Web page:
SAN FRANCISCO, CA.- Rebecca Camacho Presents
is presenting an exhibition of ambitious new works by Bay Area artist Natani Notah. Exploring Native American identity as a Diné (Navajo) woman, Notah's interdisciplinary practice sits at the intersection of art, history and culture. Titled Normal Force, the show references Newton's third law - when two objects interact, they apply forces to each other of equal magnitude and opposite direction - as a point of entry to theorize the parallels of physical energy and power and how those pressures directly affect Native people.
The exhibition highlights Notahs mixed-media process, featuring a drawing from 2019, accompanied by a new series of soft sculptures, photographs, and video. Utilizing many traditional modes of making, Notah draws upon both intensely personal and universal elements to make work that has a strong presence within the space of fine art.
The female is a unifying factor throughout Notahs work and she often uses her own physicality as a benchmark. Sculptures relate to the dimensions of Notah's body and are akin to limbs and extensions swathed in secondhand clothing belonging to strangers and family members. The familiar yet abstract, disembodied yet independent forms are equally unsettling and enticing. They hint to various interpretations of force, while also glittering with patches of appliqué beadwork meant to challenge preconceived narratives. The former is fully realized when sewn together with fabrics that have a history of being worn, thus reminding us to think about the role of human touch, mortality, and the passing of time.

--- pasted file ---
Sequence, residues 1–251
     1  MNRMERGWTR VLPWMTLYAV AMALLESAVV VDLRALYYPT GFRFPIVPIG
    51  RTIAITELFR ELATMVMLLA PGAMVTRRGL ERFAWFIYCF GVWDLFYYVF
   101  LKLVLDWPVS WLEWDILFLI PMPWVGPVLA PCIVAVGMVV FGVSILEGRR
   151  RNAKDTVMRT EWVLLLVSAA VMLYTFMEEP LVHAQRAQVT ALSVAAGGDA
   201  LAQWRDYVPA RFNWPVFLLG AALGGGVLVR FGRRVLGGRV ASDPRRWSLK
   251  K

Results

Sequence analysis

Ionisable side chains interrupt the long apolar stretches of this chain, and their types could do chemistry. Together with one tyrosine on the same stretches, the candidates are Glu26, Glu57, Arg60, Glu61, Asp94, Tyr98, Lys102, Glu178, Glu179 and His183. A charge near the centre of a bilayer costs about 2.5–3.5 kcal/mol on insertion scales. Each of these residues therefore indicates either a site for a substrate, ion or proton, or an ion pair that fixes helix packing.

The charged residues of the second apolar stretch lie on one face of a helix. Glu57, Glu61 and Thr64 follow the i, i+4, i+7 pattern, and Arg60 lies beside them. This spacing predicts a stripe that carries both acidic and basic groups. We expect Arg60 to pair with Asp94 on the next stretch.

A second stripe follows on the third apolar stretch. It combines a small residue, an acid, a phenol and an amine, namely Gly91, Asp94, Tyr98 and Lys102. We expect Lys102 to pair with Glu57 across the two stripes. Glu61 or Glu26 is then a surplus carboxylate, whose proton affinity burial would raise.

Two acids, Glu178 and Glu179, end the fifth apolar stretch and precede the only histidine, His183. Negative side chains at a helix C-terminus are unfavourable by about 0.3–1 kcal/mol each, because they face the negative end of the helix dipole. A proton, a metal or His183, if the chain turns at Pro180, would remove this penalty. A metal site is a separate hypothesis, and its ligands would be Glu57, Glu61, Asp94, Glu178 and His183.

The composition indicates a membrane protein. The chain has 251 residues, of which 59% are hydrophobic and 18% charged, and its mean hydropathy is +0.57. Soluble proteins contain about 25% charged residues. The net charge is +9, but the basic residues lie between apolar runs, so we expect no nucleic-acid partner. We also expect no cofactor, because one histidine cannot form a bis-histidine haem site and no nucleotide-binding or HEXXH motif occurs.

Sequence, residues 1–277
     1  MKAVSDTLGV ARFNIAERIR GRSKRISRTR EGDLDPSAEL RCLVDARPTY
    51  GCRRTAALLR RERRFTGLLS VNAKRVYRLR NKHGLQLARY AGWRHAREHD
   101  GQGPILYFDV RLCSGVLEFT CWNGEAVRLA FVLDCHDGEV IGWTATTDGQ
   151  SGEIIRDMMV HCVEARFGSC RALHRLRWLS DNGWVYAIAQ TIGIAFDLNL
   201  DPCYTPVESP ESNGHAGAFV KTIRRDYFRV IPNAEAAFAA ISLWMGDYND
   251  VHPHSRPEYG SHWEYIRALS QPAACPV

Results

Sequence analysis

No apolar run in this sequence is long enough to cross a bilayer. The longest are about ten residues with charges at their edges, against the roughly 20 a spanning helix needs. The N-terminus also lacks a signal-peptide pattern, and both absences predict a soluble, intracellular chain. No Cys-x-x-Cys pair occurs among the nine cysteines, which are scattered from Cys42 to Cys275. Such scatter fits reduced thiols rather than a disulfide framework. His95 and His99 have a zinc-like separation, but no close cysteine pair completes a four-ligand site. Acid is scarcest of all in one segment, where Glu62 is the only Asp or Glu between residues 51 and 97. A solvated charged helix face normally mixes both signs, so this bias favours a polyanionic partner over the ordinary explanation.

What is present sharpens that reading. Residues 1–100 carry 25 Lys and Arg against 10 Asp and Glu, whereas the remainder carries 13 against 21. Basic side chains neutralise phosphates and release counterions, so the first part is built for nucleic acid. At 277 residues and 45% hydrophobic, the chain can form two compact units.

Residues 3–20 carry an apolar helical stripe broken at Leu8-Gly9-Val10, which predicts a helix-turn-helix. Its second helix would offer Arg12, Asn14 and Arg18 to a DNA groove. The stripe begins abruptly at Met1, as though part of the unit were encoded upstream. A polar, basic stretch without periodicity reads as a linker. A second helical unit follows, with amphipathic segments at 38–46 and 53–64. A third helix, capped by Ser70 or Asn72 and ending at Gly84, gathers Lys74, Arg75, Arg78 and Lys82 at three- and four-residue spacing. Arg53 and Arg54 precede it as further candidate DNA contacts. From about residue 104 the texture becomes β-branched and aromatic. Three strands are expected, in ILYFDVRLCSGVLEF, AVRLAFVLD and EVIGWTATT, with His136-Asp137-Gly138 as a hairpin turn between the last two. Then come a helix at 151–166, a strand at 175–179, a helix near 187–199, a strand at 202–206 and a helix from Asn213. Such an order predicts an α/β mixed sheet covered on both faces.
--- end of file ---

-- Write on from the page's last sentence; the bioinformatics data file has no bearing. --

Of quiet contemplation, the soft sculptures are accompanied by the striking presence of their photographic counterparts and a moving image. Importantly noting her physical connection to the sculptures she makes, Notah documents this relationship. In the photograph titled There Are No Synonyms for Cradleboard, a sculpture is tenderly wrapped in her arms. In another photograph titled One Antonym of Catch is Release, we see a second sculpture held up by an outstretched arm, as if it was a fisherman's catch of the day. In another room, a single video clip plays infinitely on a loop. We witness the largest sculpture being dragged along the ground, tasking us to reconsider the act of dragging and its many definitions. In all three gestures, normal force is being demonstrated, nurturing a more complex understanding of power, past and present.
Understood to be pushing a nuanced visual and intellectual dialogue forward, Notahs work asks us to consider how we interact with all of creation, animate and inanimate, while simultaneously presenting us with art objects that exist in direct defiance of colonial agendas that often pigeonhole Native people, artists, and their practices into positions of false inferiority.
Natani Notah (b. 1992) received her BFA in Fine Arts with a minor in Feminist, Gender and Sexuality Studies from Cornell University in 2014 and her MFA from Stanford University in 2018. Notah was recently included in the critically praised exhibitions Native Feminisms at apexart, New York, NY and Material Intimacies at NXTHVN, New Haven CT. Her work has been featured in Art in America, Hyperallergic, Forbes, and Sculpture Magazine and she has had artist residencies at the Vermont Studio Center, Grounds for Sculpture, Headlands Center for the Arts, and This Will Take Time, Oakland. Notah is currently a 2020-2021 Kala Art Institute Fellow and will mount solo exhibitions at various institutions in 2022.